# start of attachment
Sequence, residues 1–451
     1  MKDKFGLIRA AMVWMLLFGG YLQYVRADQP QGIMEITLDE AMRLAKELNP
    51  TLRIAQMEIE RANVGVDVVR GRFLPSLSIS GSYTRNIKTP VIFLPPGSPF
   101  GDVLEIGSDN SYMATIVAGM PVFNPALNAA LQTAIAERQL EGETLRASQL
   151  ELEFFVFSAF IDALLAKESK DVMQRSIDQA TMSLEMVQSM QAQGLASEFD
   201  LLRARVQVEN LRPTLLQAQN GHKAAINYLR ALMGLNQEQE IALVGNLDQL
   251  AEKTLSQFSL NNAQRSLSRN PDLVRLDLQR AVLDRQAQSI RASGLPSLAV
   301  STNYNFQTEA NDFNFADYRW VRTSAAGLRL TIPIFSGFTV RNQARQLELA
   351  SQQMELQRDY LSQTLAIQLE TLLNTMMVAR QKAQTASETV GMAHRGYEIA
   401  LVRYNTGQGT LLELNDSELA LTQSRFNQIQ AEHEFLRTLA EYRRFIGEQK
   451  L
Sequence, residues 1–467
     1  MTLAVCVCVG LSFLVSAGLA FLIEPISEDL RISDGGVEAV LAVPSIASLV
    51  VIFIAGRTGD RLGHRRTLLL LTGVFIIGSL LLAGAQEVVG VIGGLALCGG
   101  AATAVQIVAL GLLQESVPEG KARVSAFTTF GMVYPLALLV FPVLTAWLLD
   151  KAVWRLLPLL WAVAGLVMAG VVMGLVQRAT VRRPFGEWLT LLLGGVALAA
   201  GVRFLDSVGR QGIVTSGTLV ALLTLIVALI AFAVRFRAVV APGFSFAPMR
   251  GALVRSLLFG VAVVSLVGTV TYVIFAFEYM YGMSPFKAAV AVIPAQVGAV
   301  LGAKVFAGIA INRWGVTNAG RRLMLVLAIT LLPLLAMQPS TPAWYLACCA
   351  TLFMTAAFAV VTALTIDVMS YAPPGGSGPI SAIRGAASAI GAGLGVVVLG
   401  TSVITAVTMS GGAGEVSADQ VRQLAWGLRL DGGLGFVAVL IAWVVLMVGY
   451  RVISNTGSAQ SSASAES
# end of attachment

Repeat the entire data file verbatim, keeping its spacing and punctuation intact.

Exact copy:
Sequence, residues 1–451
     1  MKDKFGLIRA AMVWMLLFGG YLQYVRADQP QGIMEITLDE AMRLAKELNP
    51  TLRIAQMEIE RANVGVDVVR GRFLPSLSIS GSYTRNIKTP VIFLPPGSPF
   101  GDVLEIGSDN SYMATIVAGM PVFNPALNAA LQTAIAERQL EGETLRASQL
   151  ELEFFVFSAF IDALLAKESK DVMQRSIDQA TMSLEMVQSM QAQGLASEFD
   201  LLRARVQVEN LRPTLLQAQN GHKAAINYLR ALMGLNQEQE IALVGNLDQL
   251  AEKTLSQFSL NNAQRSLSRN PDLVRLDLQR AVLDRQAQSI RASGLPSLAV
   301  STNYNFQTEA NDFNFADYRW VRTSAAGLRL TIPIFSGFTV RNQARQLELA
   351  SQQMELQRDY LSQTLAIQLE TLLNTMMVAR QKAQTASETV GMAHRGYEIA
   401  LVRYNTGQGT LLELNDSELA LTQSRFNQIQ AEHEFLRTLA EYRRFIGEQK
   451  L
Sequence, residues 1–467
     1  MTLAVCVCVG LSFLVSAGLA FLIEPISEDL RISDGGVEAV LAVPSIASLV
    51  VIFIAGRTGD RLGHRRTLLL LTGVFIIGSL LLAGAQEVVG VIGGLALCGG
   101  AATAVQIVAL GLLQESVPEG KARVSAFTTF GMVYPLALLV FPVLTAWLLD
   151  KAVWRLLPLL WAVAGLVMAG VVMGLVQRAT VRRPFGEWLT LLLGGVALAA
   201  GVRFLDSVGR QGIVTSGTLV ALLTLIVALI AFAVRFRAVV APGFSFAPMR
   251  GALVRSLLFG VAVVSLVGTV TYVIFAFEYM YGMSPFKAAV AVIPAQVGAV
   301  LGAKVFAGIA INRWGVTNAG RRLMLVLAIT LLPLLAMQPS TPAWYLACCA
   351  TLFMTAAFAV VTALTIDVMS YAPPGGSGPI SAIRGAASAI GAGLGVVVLG
   401  TSVITAVTMS GGAGEVSADQ VRQLAWGLRL DGGLGFVAVL IAWVVLMVGY
   451  RVISNTGSAQ SSASAES